On July 11, 1938 (Mon.) (9:00 p.m.) the live drama radio series The Mercury Theatre on the Air (First Person Singular) debuts on CBS Radio for 22 episodes, hosted by Kenosha, Wisc.-born George Orson Welles (1915-85), going on to air The War of the Worlds on Oct. 30 (Sun.) (Halloween night), which panics naive isolationist Americans with his rendition of H.G. Wells' 1898 novel The War of the Worlds on Mercury Theatre on the Air (H.G., Mercury - get it?), starting with Mt. Jennings Observatory (Chicago) Prof. Farrell reporting several explosions on Mars, then Prof. Morse of Macmillan U. reporting more, then live descriptions of Martians invading New Joisey and kicking the U.S. army's butt like the Nazis would if they had spaceships; Orson Welles plays Princeton U. prof. Richard Pierson; on Oct. 31 (after talking to his lawyers?) Welles expresses "deep regret" but also bewilderment that anyone had thought it was real; the Edgar Bergen show is airing at the same time, and when its music segment comes on many listeners switch to CBS, catching it in the middle and becoming more freaked (if they were busy studying instead of listening to the radio, they wouldn't be so dumb?); it generates so much publicity that Campbell's Soup decides to sponsor it, after which it airs its last broadcast on Dec. 4, and on Dec. 9 The Campbell Playhouse debuts on CBS Radio for 56 episodes (until Mar. 31, 1940), with hour-long adaptations of classical novels and plays along with adaptations of popular films; in season 2 Welles leaves, and it becomes a 30-min. series.
On Jan. 7, 1939 NBC-Radio's Avalon Time debuts, hosted by Richard Bernard "Red" Skelton (1913-97) and Blue Lick, Ky.-born Clyde Julian "Red" Foley (1910-68), who becomes the first country music artist to host a network radio program.
On June 30, 1939 the half-hour radio dramatic anthology series Philip Morris Playhouse debuts on CBS Radio (until Feb. 18, 1944), then again on Nov. 5, 1948 (until July 29, 1949), then again on Mar. 15, 1951 as "Phillip Morris Playhouse on Broadway" (until Sept. 11, 1951), then back to NBC until Jan. 13, 1952, when it returns to CBS (until Sept. 2, 1953); a TV version debuts on CBS-TV on Oct. 8, 1953-Mar. 4, 1954.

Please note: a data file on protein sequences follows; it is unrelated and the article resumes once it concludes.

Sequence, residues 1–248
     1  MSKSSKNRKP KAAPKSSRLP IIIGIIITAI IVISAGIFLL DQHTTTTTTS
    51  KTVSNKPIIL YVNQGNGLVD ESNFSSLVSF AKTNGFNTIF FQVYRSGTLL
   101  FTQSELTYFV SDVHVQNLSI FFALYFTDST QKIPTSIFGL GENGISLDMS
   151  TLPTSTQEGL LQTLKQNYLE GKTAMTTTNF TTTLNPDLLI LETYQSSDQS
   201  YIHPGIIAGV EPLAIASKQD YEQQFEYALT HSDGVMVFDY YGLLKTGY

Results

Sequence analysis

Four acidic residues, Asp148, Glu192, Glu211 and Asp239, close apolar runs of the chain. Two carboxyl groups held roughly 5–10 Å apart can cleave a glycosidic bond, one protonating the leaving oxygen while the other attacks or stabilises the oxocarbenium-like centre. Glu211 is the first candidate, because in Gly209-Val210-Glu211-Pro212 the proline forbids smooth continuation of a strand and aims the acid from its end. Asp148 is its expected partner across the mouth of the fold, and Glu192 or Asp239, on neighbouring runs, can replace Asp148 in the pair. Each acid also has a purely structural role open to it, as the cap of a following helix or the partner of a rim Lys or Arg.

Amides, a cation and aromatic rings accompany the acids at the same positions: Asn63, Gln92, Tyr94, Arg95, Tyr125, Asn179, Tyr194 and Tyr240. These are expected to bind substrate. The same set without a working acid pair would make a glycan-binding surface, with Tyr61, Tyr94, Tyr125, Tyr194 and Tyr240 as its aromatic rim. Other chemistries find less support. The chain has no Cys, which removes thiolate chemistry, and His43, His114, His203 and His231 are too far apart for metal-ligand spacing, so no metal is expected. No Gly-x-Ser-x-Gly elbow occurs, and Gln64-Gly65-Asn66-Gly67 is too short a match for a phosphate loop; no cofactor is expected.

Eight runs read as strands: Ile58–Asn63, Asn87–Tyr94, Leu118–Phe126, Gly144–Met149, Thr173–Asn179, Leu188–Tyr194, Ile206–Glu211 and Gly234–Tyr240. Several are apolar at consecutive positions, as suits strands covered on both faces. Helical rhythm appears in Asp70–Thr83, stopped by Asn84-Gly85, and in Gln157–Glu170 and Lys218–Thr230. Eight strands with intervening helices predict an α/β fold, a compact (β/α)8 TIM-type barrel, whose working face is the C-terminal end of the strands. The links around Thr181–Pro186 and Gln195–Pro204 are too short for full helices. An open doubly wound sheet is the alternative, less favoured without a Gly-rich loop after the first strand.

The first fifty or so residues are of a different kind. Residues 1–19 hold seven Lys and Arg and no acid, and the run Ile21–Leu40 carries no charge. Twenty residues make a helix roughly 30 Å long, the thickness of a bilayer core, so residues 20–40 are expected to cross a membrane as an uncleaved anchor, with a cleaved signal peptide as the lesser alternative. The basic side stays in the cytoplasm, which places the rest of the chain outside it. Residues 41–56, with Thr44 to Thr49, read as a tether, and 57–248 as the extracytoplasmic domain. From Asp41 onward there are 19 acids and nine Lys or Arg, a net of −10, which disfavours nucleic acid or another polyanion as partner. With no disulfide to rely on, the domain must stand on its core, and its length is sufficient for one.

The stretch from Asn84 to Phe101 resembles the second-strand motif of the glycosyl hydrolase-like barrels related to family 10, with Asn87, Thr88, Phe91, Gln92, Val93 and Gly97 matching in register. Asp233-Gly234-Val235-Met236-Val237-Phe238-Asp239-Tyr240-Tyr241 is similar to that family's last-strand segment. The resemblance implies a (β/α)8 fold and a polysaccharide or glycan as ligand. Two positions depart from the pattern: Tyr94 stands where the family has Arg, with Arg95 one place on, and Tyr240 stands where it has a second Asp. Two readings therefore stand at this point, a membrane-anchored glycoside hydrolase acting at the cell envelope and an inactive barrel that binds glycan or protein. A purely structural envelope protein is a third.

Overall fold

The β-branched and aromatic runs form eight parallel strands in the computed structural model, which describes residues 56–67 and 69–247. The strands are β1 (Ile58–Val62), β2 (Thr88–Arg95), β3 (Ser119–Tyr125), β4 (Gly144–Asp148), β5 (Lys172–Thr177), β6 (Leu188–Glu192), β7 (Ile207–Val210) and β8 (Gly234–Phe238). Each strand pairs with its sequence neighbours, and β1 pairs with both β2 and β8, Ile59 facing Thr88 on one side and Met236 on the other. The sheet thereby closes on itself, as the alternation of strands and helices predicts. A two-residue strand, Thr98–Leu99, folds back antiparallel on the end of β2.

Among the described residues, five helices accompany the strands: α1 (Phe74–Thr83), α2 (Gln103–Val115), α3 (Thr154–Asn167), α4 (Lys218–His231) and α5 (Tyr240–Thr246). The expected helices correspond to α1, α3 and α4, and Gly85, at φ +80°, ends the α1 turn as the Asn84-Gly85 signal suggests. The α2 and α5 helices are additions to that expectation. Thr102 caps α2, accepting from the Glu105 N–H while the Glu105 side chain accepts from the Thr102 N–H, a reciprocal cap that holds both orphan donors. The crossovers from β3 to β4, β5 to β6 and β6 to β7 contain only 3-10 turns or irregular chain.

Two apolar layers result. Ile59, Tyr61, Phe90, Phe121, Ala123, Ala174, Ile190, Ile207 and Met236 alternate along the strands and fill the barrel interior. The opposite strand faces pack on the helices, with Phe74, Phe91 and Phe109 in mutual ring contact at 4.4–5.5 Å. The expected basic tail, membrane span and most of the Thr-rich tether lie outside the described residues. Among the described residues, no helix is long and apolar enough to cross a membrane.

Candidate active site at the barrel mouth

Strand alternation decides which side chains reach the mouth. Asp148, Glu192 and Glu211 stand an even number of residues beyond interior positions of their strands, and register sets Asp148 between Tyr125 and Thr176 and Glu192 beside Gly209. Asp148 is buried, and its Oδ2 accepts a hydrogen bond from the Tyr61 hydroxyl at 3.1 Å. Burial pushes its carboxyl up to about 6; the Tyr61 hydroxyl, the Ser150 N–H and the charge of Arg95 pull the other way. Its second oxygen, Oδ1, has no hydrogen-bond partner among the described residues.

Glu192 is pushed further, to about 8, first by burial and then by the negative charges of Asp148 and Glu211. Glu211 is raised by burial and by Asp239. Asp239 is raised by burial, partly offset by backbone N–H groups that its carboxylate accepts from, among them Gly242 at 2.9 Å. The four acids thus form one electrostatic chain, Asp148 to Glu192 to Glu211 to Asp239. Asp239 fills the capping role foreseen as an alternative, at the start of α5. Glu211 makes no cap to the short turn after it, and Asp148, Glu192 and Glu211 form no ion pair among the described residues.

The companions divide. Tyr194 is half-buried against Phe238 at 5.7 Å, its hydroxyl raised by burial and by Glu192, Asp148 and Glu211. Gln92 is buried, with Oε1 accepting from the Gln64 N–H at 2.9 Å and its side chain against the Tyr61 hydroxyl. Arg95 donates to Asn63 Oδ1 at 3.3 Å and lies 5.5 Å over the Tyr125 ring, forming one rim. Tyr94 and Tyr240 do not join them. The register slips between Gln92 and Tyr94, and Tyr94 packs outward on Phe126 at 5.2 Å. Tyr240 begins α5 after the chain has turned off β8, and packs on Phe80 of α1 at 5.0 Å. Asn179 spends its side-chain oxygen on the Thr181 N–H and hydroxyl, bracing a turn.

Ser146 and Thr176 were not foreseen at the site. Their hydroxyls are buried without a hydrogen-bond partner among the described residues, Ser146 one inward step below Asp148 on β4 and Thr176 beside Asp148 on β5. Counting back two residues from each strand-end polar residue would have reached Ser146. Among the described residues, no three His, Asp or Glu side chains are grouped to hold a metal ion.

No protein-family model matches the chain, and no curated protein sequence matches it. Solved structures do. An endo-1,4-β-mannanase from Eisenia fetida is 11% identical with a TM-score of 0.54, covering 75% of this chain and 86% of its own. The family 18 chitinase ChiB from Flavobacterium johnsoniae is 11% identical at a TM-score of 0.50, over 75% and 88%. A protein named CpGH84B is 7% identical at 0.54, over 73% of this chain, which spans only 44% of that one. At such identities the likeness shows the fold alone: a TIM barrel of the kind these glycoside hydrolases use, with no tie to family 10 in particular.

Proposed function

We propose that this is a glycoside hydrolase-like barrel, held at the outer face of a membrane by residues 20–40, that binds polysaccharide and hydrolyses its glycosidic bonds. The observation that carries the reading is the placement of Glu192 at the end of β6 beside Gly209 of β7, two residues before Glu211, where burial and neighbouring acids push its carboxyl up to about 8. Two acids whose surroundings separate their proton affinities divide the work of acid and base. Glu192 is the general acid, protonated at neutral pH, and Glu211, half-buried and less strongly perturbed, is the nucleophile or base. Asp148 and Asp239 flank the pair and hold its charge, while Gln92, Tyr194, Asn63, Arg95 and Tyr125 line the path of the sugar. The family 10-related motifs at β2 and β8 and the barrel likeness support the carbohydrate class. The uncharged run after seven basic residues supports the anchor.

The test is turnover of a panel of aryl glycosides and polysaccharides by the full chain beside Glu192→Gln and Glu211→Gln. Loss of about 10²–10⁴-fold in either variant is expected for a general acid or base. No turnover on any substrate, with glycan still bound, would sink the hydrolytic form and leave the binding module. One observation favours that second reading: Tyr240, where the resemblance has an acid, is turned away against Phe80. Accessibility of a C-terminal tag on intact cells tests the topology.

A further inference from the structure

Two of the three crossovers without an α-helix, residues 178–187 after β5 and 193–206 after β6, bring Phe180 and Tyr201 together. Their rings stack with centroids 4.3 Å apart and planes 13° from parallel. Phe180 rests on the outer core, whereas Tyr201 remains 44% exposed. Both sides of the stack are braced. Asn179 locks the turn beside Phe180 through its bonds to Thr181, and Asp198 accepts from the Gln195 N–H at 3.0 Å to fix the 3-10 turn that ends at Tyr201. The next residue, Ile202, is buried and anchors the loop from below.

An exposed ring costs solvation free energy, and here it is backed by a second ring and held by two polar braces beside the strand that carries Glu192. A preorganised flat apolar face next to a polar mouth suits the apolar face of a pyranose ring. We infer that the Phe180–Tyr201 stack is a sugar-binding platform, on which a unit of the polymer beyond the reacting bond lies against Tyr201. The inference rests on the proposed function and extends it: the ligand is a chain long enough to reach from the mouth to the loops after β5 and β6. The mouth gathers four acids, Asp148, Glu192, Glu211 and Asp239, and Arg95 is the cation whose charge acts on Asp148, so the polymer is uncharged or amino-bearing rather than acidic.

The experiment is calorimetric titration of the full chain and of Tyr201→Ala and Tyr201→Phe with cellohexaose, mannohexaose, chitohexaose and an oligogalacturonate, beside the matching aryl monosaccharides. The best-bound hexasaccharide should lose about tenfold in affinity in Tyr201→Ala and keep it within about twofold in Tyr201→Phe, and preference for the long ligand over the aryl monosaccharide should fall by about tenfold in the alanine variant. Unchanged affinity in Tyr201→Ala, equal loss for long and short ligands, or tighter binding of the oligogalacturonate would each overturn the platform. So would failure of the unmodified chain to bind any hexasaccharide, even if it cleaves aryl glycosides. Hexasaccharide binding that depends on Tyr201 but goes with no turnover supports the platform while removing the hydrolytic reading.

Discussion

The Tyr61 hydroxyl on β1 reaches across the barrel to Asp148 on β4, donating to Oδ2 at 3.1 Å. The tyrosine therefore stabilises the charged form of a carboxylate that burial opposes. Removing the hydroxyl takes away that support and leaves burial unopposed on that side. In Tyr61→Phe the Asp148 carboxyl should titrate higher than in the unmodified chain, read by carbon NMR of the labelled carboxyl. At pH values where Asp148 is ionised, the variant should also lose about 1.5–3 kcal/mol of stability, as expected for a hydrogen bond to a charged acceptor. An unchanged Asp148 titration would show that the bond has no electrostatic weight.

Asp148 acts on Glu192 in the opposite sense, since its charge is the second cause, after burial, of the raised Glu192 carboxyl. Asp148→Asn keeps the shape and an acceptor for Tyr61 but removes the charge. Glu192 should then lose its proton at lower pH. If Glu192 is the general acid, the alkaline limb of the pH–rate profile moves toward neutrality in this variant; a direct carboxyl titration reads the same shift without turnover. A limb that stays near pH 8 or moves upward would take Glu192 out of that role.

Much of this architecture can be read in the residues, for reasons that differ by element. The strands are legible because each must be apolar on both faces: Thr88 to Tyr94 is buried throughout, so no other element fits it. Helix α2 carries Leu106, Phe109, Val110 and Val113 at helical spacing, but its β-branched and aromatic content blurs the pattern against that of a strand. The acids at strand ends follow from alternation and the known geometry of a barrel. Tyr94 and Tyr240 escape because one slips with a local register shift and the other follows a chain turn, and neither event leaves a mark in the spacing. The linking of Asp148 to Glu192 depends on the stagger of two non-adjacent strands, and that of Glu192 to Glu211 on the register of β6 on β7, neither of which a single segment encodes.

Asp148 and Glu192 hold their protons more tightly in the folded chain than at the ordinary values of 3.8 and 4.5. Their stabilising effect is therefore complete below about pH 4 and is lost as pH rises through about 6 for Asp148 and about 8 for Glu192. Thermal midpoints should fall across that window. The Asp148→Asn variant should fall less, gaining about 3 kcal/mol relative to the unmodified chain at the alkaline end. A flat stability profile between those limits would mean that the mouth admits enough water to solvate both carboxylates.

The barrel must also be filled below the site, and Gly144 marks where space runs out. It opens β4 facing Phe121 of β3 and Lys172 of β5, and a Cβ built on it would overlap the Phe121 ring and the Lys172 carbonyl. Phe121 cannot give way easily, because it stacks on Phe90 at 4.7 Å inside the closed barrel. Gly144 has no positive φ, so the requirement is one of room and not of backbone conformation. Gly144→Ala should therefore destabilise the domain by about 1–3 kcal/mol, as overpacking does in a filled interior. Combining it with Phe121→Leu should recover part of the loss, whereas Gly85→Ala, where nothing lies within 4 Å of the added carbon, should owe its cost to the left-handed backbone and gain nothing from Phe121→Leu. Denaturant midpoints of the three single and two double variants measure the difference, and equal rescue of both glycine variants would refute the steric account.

On Dec. 11, 1944 (7:00 p.m.) Chesterfield Supper Club debuts on NBC Radio on weeknights (until 1950), starring Pierino Ronald "Perry" Como (1912-2001); in 1945 "The Voice of America" Jo Elizabeth "Josie" "G.I. Jo" Stafford (1917-2008) hosts on Tuesdays and Thursdays; theme songs incl. "Smoke Dreams" and "A Cigarette, Sweet Music and You"; on Apr. 5, 1946 it is broadcast from a TWA plane at 20K ft. alt., becoming the first network radio broadcast from an airplane; in 1948-50 it is broadcast on NBC-TV.
On Apr. 2, 1947 the top-rated crime drama show The Big Story debuts on NBC Radio (until Mar. 23, 1955), sponsored by Pall Mall cigarettes (Lucky Strike cigarettes in 1954-5) and narrated by Robert "Bob" Sloane, dramatizing the lives of newspaper reporters; on Sept. 16, 1949 it debuts on NBC-TV for 349 episodes (until June 28, 1957, then in syndication until 1958).
On Apr. 11, 1947 the sitcom My Friend Irma (a ripoff of "My Sister Eileen?") debuts on CBS Radio (until Aug. 23, 1954), about beautiful dumb blonde secy. Irma Peterson (known for whining and crying, and plugging sponsor Swan Soap) and her roommate Jane Stacy, who live in a run-down apt. in Manhattan run by Mrs. O'Reilly; their neighbor is nutty Prof. Kropotkin; her boss is millionaire Richard Rhinelander III, whom she has the hots for; spawns a film (1949), a comic strip (Sept. 11, 1950), and a CBS-TV series on Jan. 8, 1952-June 1954, becoming the first show telecast from their new Television City studios in Hollywood.